Page 1 of 3 123 LastLast
Results 1 to 10 of 26

Thread: Going in for Carpal tunnel release

  1. #1

    Going in for Carpal tunnel release

    Oct. 8th, I'm going in for an Endoscopy Carpal tunnel release surgery. The doc said it's a simple in/out surgery and I should be able to use it fairly quickly. Like most docs, I have a suspicion he's not aware how much effort we put on our shoulders and arms.

    I avoided the surgery for years but after having a nerve conduction test and finding out the ulnar nerve is dead and the carpal is not far behind, it was time to do it. the left hand is also starting to be affected. I'm a bluegrass flatpicker in a group as well as a uke player in a couple uke groups so the thought of losing use of my hands is driving me to the point of distraction. The right pinky and ring fingers have already lost strength and gone numb.

    So what's the deal with dealing with this after surgery. I imagine I won't be able to pull myself up the van ramp on occasions anymore. What about transfers; how early? We've dug out a Molift I've had for a couple years but never used in case we'll need it. I also have a ZX-1 that I only used around the property. I imagine I'll need to start using it when I go to town now also. 45 years in the chair so I'm not complaining but getting to the point of getting tired of the bs and just letting go.

    Any advice is greatly appreciated.

  2. #2
    Your surgeon should help you by getting a physical therapy consult to give you advice and treatment recommendations for transferring after a surgery such as this. If you use your arms, wrists, hands, shoulders for transferring then you cannot use those. I’m sure the surgeon has conditions on how long he/she wants your wrists to be immobile. You may need a Hoyer lift or a different way of transferring. Make sure to advocate for yourself. I’m sure the surgeon doesn’t want to see her/his work destroyed afterward.

    pbr
    The SCI-Nurses are advanced practice nurses specializing in SCI/D care. They are available to answer questions, provide education, and make suggestions which you should always discuss with your physician/primary health care provider before implementing. Medical diagnosis is not provided, nor do the SCI-Nurses provide nursing or medical care through their responses on the CareCure forums.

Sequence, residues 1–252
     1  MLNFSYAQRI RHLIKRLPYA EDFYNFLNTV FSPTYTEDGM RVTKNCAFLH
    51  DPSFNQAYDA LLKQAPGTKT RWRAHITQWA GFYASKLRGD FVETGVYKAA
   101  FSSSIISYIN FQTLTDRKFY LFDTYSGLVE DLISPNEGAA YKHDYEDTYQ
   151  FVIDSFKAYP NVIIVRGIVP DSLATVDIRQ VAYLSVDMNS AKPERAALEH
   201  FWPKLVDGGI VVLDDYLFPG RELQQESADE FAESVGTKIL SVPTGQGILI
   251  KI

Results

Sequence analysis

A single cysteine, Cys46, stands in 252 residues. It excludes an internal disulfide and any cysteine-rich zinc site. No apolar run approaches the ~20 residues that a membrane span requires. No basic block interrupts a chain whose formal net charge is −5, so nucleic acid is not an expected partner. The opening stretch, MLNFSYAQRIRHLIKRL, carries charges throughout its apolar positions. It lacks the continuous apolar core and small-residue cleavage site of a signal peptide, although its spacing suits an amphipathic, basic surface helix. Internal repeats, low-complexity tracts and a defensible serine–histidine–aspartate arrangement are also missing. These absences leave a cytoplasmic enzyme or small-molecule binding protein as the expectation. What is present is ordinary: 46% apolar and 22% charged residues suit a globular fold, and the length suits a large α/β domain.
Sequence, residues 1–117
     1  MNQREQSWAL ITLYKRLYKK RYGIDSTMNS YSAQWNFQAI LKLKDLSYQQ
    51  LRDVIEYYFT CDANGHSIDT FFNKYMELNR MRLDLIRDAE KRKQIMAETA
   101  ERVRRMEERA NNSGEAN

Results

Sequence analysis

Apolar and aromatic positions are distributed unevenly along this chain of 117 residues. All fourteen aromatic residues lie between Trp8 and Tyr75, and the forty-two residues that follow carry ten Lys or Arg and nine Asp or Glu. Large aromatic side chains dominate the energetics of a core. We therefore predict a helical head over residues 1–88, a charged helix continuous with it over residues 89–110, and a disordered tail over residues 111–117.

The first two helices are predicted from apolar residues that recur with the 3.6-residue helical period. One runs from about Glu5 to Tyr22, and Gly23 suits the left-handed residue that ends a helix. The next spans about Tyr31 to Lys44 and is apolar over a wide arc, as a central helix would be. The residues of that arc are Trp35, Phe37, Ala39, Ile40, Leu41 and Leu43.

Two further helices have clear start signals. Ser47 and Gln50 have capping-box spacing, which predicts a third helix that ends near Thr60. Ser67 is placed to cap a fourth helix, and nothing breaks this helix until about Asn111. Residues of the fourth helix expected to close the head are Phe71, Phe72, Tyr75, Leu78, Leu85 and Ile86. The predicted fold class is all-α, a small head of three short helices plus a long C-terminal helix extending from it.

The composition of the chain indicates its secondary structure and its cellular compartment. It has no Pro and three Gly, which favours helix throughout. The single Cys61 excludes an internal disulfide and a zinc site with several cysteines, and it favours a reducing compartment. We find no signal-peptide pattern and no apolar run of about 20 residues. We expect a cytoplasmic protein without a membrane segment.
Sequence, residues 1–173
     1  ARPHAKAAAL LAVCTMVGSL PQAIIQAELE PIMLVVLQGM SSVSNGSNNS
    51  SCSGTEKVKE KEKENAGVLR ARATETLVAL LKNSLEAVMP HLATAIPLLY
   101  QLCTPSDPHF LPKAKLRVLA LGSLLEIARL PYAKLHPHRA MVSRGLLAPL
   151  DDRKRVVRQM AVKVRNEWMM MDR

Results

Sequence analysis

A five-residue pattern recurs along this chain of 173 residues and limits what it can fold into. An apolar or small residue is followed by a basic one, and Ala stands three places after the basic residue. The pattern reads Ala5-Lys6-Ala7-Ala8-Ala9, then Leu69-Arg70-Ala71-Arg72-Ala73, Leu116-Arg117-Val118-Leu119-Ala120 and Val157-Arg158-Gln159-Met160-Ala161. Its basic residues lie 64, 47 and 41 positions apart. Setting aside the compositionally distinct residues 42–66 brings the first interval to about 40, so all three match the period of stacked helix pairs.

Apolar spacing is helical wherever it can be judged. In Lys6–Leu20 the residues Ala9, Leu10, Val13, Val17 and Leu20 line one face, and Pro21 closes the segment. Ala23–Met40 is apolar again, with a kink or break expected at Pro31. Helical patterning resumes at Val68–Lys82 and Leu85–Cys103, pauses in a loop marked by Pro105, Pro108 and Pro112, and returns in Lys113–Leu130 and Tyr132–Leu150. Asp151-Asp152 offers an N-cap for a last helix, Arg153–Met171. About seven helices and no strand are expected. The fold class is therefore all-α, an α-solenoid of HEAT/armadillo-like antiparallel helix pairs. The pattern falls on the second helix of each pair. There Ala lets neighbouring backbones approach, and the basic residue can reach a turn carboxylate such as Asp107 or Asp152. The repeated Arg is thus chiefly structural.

3. #3
    The carpal tunnel release surgery is only for the median nerve - not the ulnar nerve. The ulnar nerve is the nerve that controls the pinky and ring finger. So this surgery would not help that problem. Did the doctor make that clear?

    Have you already tried wearing hand braces at night, and an elbow brace at night for the ulnar nerve injury? Have you done OT for these problems? It can be useful to check in with an OT with SCI experience for advice regarding the surgery and recovery as well.

    I agree that most orthopedic surgeons will not have the appropriate advice for folks with SCI. They just don't understand.

    My Dad is actually checking in with an OT next week about his carpal tunnel symptoms (median nerve getting pinched at the wrist) and his cubital tunnel symptoms (ulnar nerve getting pinched at elbow). He's had symptoms for years, but likely less than yours, and wears braces at night.

  4. #4
    Thanks everyone for your advice. I realize the surgery will not help the ulnar nerve. The ulnar is dead, gone. The doc said is was from impingement blood flow loss. He's trying to save what's left of the hand by releasing the carpal tendon. Yep, have gone thru all the different remedies for the past 30 some years or more. That just postponed what's going on now.